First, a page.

When I was a student at Brooklyn College, eons ago, the subjects of free speech and academic freedom were tied into the country’s mortal fear of Communism. One of the most heated issues on campus centered on the firing of Harry Slochower, a well-known professor of German and comparative literature.
Slochower had invoked the Fifth Amendment when asked by a Senate subcommittee investigating subversive activities whether he had been a member of the Communist Party back in the 1930s. Because he refused to answer and relied on the amendment’s protection against self-incrimination, the college administration assumed he had been a Communist and dismissed him. The Supreme Court later ruled that his dismissal was unconstitutional, but various legal issues barred his reinstatement.
Professor Slochower’s case came to mind as I followed the ruckus surrounding the invitation to advocates of Boycott, Divestment, and Sanctions (BDS) against Israel to speak at Brooklyn College, in a program co-sponsored by the political science department. These days we seem to have moved to the opposite extreme of that restrictive era of long ago when college administrators thought nothing of running roughshod over the rights of one of their professors. Now, Israel supporters have been accused of running roughshod over academic rights when they opposed having a publicly funded college department sponsor hate talk against the Jewish state. This extreme is no better than the first one.
This newspaper gave extensive and fair coverage to the event, but other media, including The New York Times, huffed and puffed about the First Amendment with its guarantee of free speech. The noise about that amendment has come, interestingly, at the same time that we are having a nationwide discussion about controlling the sale of guns. The gun lobby keeps harping on Second Amendment rights, as if anybody had advocated eliminating them. By the same token, nobody has contested the First Amendment rights of the BDS proponents to say their piece.
The protests have been largely directed against the co-sponsorship by the political science department. And it has not been a free-speech matter. Even if the department and the university had the legal right to invite the BDS people, as Mayor Bloomberg argued, where was their common sense? Along with its constitutional freedom, a university has the responsibility to guide and protect its students as well as challenge them. By co-sponsoring the event the department implied its endorsement of the organization’s hate-filled agenda, or at least a degree of sympathy with it, and that is a dreadful message to convey to students. The fact that no other department in the college would join in the sponsorship certainly suggests that the political science faculty was not totally neutral in its participation.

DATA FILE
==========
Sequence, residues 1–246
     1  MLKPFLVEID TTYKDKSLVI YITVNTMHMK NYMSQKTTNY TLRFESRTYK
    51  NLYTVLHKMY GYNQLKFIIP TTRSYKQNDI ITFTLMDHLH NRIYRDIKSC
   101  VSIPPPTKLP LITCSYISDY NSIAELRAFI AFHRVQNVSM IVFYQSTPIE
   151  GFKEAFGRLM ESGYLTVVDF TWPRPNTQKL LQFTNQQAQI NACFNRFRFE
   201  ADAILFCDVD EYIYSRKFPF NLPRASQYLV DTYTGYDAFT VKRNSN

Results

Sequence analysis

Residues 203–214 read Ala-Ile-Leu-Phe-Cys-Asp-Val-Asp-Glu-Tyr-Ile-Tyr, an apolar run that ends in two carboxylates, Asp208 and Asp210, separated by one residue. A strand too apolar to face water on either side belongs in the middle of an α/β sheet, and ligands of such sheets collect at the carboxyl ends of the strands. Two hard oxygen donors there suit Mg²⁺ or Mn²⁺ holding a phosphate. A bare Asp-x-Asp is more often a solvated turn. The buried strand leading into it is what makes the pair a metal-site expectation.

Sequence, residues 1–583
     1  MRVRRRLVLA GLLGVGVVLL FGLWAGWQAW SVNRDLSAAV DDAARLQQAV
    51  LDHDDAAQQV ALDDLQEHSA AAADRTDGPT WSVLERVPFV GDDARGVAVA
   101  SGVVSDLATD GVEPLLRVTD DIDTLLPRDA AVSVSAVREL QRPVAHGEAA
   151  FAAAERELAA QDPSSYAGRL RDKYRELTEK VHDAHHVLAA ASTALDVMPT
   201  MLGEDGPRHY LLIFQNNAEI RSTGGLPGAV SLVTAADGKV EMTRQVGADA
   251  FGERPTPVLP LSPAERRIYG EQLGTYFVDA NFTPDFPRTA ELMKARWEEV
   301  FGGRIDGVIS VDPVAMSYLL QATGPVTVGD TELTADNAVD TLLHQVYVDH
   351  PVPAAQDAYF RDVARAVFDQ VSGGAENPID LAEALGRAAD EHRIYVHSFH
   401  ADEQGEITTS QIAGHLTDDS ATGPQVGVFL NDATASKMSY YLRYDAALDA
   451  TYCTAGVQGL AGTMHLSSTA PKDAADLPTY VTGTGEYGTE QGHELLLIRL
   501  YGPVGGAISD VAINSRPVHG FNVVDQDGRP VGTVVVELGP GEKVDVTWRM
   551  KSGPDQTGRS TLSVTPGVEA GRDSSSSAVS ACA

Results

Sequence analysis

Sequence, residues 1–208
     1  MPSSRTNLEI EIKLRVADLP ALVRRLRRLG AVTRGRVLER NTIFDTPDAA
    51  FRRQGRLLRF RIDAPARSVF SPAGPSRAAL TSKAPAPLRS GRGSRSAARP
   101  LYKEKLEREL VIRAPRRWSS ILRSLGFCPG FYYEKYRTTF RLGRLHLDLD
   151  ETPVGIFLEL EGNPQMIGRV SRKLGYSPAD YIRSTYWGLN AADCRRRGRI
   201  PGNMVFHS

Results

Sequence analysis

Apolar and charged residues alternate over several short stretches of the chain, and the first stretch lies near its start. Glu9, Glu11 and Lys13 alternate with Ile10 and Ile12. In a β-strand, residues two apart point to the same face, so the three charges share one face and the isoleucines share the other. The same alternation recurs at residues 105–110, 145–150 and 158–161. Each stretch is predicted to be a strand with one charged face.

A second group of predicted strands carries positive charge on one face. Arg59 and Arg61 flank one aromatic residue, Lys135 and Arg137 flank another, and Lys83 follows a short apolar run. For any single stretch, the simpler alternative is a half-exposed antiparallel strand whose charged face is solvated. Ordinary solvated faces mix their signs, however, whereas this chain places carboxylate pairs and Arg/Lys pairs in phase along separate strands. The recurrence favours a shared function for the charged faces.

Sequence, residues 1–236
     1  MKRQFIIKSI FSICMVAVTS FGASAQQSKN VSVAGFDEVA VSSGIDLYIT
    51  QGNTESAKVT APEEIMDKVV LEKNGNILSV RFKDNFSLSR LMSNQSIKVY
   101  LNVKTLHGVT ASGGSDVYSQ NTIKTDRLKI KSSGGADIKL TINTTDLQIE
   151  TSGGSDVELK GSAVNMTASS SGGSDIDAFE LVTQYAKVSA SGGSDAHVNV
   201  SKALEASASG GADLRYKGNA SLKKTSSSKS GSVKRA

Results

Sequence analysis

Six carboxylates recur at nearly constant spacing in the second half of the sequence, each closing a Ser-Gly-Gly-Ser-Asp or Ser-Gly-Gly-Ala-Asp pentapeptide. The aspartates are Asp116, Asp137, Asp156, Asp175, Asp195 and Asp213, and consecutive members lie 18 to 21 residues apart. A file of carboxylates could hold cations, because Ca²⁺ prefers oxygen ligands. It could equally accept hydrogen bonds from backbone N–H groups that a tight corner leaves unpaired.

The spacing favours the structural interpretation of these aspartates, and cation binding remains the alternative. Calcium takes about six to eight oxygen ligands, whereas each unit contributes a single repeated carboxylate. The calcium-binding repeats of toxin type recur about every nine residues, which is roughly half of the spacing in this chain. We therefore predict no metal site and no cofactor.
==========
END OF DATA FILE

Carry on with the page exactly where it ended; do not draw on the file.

Critics of the response to the event have pointed out that the media and political attention the incident generated put the BDS movement on the map, making it known to people who may never even have heard of it before and in that sense giving it credibility. That may be true to an extent. But the attention also exposed the real nature of the movement, and validated the students who passionately opposed it. It has become clear to anyone paying attention that these people are not your run-of-the-mill critics of Israeli policies. This group insists, among other things, on the “right of return” of all Arab refugees and their descendants to Israel, a clear appeal for the state’s demographic demolition. The organization’s relatively moderate official language of advocating “nonviolent” measures against Israel reminds me of the Holocaust denial movement, which uses dry statistics and intellectual-sounding arguments that seem almost innocuous at first glance. When you look a second time, you see, of course, the anti-Jewish viciousness behind them. The BDS movement’s call for boycotts and the rest is actually a call to cripple the Jewish state, which in its view is illegitimate. So even if some politicians over-responded to the program at Brooklyn College, the commotion helped reveal the true colors of the BDS movement.
As an alumnus of the college I received a form letter from its president, Karen Gould, promising future programs representing alternative views in the Israel debate, with one by Elliott Abrams forthcoming. That’s OK, although I find the moral equivalency here troubling. Students need to understand that the BDS agenda is not simply one side of a coin, as valid as the other side. (Similarly, would anybody consider Holocaust denial merely an alternative view to that of its opponents?) BDS seeks Israel’s destruction, and that needs to be brought home time and again. I’m not looking to return to the repressive days of the Communist scare. Nor will I withdraw my support from the college. But I will keep a more careful eye on its approach to Israel than I ever have before.
Francine Klagsbrun’s latest book is “The Fourth Commandment: Remember the Sabbath Day.” She is currently writing a biography of Golda Meir.
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